Rebekah Hillman LLB(Hons) is the brains behind the idea. She is a legal consultant who specialises in wills and probate who through the course of her working life has become increasingly involved with Charities. It was whilst at a conference focussed on the importance of legacy to the UK’s Charity sector that the Benevolent Wills idea was born.
As time has passed the idea has become a reality and we have a team of individuals dedicated to helping you give to charity whilst preparing one of the most important documents you will ever need – A professionally written and properly constructed Will.
We have a network of Will Writers and Solicitors nationwide. All of whom understand and buy into the charitable context within which we work and all of whom are members of at least one will writing professional body
Community Interest Companies (CICS) are limited companies, with special additional features, created for the use of people who want to conduct a business or other activity for community benefit, and not purely for private advantage.
This is achieved by a "community interest test" and "asset lock", which ensure that the CIC is established for community purposes and the assets and profits are dedicated to these purposes.
Registration of a company as a CIC has to be approved by the Regulator who also has a continuing monitoring and enforcement role
CICs have to follow specific rules, including the following:
- CICs must have an asset lock. This means that the company cannot generally transfer its profits or assets for less than their full market value except as permitted by regulation. It will also protect any remaining assets for the community if you dissolve the CIC.
- If you set up your CIC as a company limited by shares, you'll have the option of issuing sharesthat pay a capped dividend to investors. The cap is set by the CIC Regulator to protect the asset lock.
- Together with your annual accounts, you must present an annual community interest company report for public record. The report must show what the CIC has done during the year to pursue its pre-specified community interest and involve the individuals or groups with a particular interest in the CIC.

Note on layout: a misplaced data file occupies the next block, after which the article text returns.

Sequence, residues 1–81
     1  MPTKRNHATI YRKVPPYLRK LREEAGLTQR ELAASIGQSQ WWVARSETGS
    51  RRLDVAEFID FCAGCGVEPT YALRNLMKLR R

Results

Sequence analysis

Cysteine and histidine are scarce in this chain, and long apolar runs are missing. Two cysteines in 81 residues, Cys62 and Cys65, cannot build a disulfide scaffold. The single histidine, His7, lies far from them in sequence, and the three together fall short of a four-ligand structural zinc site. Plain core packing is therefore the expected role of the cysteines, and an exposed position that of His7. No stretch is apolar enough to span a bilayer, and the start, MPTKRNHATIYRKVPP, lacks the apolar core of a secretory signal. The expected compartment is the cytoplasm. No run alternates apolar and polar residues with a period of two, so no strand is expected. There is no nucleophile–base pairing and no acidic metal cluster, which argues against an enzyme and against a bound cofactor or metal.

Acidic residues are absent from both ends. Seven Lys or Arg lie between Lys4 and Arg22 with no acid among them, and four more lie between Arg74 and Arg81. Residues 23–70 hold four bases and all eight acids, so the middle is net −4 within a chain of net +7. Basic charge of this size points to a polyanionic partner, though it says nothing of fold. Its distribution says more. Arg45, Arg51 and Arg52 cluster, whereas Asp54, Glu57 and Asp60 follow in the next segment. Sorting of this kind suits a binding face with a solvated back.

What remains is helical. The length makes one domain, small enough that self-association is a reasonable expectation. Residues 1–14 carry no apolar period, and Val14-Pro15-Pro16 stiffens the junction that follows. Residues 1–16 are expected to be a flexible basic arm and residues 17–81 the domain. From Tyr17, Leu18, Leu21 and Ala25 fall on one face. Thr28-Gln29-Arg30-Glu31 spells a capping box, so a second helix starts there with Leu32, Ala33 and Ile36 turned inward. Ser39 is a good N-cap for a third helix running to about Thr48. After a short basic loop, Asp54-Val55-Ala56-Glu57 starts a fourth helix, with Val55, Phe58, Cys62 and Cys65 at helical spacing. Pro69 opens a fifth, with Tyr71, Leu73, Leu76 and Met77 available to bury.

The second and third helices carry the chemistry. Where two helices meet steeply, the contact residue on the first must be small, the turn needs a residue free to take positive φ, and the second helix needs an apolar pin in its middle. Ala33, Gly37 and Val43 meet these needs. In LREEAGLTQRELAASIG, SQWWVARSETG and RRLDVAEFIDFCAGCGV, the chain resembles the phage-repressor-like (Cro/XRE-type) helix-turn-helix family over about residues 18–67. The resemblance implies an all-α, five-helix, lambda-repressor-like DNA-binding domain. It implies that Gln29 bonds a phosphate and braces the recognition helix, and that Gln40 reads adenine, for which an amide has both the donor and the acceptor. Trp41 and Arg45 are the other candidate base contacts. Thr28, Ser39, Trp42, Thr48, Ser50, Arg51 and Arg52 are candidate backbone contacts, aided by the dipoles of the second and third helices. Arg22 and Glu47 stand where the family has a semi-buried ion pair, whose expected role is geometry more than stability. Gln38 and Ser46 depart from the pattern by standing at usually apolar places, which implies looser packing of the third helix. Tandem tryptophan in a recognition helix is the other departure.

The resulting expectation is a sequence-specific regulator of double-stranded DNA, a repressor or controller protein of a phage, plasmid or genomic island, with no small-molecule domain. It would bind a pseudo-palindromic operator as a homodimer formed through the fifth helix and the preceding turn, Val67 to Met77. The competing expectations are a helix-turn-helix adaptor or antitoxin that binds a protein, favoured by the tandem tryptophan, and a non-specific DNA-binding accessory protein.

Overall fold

Community interest is the heart of the CIC and the community interest test is what differentiates CICs from other not-for-profit organisations.
To become a CIC, an organisation needs to satisfy the regulator that its purposes could be regarded by a reasonable person as being in the community or wider public interest. It will also be asked to confirm that access to the benefits it provides will not be confined to an unduly restricted group.
The Asset Lock is a fundamental feature of CICs.
“Asset Lock” is a general term used to cover all the provisions designed to ensure that the assets of the CIC (including any profits or other surpluses generated by its activities) are used for the benefit of the community.
The transfer of any assets must satisfy certain requirements. This means that, subject to the CIC meeting its obligations, its assets must either be retained within the CIC to be used for the community purposes for which it was formed, or, if they are transferred out of the CIC, the transfer must satisfy at least one of the following requirements:
- It is made for full consideration (i.e. at market value), so that the CIC retains the value of the assets transferred;
- It is made to another asset locked body (a CIC or charity, or non-GB based equivalent) which is specified in the CIC's memorandum or articles of association;
- It is made to another asset locked body with the consent of the Regulator; or It is otherwise made for the benefit of the community.
Provision to this effect, as prescribed in the Regulations, must be included in a CIC's memorandum or articles of association. CICs are permitted to adopt asset lock rules that impose more stringent requirements, provided they also include these basic provisions.
The asset lock is established in legislation, and will prohibit CICs from distributing their assets or profits to their members, except to the extent permitted where CICs issue equity.
The lock will not prevent CICs from using their assets efficiently in pursuit of community benefit; for instance, they will be able to use assets as collateral for finance. The regulator will be responsible for ensuring that the asset lock is maintained, and stakeholders who believe that it is being breached will be able to ask the regulator to take action.
CICs will report annually to an independent regulator on how they are delivering for the community and how they are involving their stakeholders in their activities.
The purpose of Benevolent Wills is three-fold
- To give people a cheap and professionally written online Will if that is appropriate
- To give advice in relation to writing a Will and help people write the most suitable Will for their needs
- To enable people to easily give to charitable causes as part of their Will should they wish to do so
Our purpose is not to make lots of money it is to genuinely help and support charities in terms of their lifeblood – donation. And to help and support the general population in relation to what we believe is one of the most important pieces of paper you will ever write – your Will.
We have been set up as a Community Interest Company as that enables us to give our profits to charitable causes cost effectively and provides regulation that holds us to task in this regard.
As a Community Interest Company we are regulated and monitored and have to provide certain information that supports our status as a CIC.
We have also decided to take this one step further and publish quarterly accounts so that our activities and plans are entirely transparent.
We have gone through a community Interest test , we must have an asset lock in place and must provide annual reports that clearly demonstrate our activities in terms of our mandate in relation to social enterprise